“It wasn’t even a protest at first. It was just words. Somebody wrote something on a wall. But you felt something was happening. And then I started getting messages from people in Syria saying ‘It’s started! It’s started!’ I was so excited we were going to do this. We were going to bring democracy to Syria. I was so full of hope and happiness.

“For my dad, this was personal. For me, this was personal.”

As the revolution dawned, Hamou was working with London North Centre MP Glen Pearson, but when he lost to Conservative Susan Truppe in the 2011 Federal Election, she was free to follow her heart. She reached out to her connections in the country. Pitching her political experience within a western democracy, she was recruited to do everything from government to media relations.

Admittedly, it was an uphill battle from the start.

“The pro-Assad groups were really good. They had the machine in place to get their message to the world. We had nothing. We were starting from scratch. We were starting from zero.”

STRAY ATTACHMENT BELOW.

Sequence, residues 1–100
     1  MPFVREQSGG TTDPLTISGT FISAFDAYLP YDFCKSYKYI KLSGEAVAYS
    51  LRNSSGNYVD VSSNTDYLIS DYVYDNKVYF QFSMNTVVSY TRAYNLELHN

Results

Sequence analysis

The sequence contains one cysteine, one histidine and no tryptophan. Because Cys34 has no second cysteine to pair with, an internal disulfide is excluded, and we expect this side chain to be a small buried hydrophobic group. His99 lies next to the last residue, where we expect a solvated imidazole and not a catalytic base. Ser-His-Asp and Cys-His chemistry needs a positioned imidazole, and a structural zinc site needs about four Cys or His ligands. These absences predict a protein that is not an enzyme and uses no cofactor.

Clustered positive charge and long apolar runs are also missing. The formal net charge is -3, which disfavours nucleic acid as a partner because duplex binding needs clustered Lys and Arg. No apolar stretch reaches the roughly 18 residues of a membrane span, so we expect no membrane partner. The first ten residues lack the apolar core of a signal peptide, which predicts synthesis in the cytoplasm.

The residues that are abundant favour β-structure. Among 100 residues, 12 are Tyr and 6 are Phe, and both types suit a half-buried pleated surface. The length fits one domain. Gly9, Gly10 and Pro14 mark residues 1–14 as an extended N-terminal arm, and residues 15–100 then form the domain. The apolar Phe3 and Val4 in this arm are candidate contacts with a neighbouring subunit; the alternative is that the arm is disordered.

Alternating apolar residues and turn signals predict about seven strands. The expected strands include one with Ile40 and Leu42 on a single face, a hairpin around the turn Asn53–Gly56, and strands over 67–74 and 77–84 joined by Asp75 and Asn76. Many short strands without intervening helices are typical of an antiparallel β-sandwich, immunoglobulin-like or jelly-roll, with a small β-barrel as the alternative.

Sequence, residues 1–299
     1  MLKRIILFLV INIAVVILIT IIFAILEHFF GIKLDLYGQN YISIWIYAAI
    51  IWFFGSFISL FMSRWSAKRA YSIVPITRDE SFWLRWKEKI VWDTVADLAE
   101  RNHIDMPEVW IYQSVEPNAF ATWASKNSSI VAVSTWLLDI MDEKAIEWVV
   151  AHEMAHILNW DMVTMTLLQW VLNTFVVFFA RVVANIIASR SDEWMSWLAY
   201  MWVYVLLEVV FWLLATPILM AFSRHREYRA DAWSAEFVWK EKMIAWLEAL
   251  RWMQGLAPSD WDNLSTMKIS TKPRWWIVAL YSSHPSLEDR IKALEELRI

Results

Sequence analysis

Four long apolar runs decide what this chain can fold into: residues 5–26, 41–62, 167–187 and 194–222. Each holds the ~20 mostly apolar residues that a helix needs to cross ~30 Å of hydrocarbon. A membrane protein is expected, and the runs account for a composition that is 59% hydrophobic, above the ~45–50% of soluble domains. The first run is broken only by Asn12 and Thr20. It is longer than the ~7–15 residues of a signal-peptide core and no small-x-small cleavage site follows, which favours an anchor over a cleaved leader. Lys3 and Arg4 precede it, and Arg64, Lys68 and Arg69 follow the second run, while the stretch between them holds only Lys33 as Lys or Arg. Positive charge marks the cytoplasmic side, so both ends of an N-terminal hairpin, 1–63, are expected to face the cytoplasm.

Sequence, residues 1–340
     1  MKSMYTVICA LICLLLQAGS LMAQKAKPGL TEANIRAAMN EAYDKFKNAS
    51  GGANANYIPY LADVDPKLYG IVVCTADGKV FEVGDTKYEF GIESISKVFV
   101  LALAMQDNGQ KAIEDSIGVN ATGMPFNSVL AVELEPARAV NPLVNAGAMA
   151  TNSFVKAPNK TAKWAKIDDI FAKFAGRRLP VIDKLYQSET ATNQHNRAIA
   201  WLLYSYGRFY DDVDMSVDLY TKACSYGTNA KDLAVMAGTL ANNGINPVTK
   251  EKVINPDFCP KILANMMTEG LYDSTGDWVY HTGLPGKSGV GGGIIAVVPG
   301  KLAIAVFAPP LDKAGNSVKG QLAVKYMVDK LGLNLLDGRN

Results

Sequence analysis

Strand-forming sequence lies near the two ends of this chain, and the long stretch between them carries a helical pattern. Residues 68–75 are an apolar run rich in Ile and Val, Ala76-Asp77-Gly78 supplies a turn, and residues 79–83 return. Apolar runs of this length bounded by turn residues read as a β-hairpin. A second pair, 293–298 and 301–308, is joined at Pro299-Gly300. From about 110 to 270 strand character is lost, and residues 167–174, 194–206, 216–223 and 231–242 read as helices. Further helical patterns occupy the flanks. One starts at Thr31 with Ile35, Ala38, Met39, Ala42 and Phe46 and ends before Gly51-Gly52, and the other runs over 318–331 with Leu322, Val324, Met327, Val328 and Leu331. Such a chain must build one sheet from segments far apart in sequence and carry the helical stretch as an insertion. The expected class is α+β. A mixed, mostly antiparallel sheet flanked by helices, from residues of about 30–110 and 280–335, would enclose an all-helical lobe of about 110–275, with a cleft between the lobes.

But the stories got out. Slowly. She found success in connecting with major international media, mainly “all these awesome American journalists,” including working with New York Times best-selling authors Michael Weiss and Hassan Hassan on their book, ISIS: Inside the Army of Terror.

“We were quite successful with that. But it really didn’t change public policy,” she said with obvious frustration in her voice. “There were so many things working against our message, our mission and what we were trying to do.”

Her darkest hour came in August 2013.

That month, rockets containing the nerve agent sarin were fired into two opposition-controlled suburbs near Damascus, Syria. Investigators said the attack could only have been carried out by Syria’s government, yet the Assad government blamed rebel forces. Hamou does not like to talk numbers without names, but the numbers were staggering and many of the names are still unknown. Death toll estimates range from 280-1,729 men, women and children. Media reports called it the deadliest chemical weapons attack since the Iran-Iraq War of the 1980s.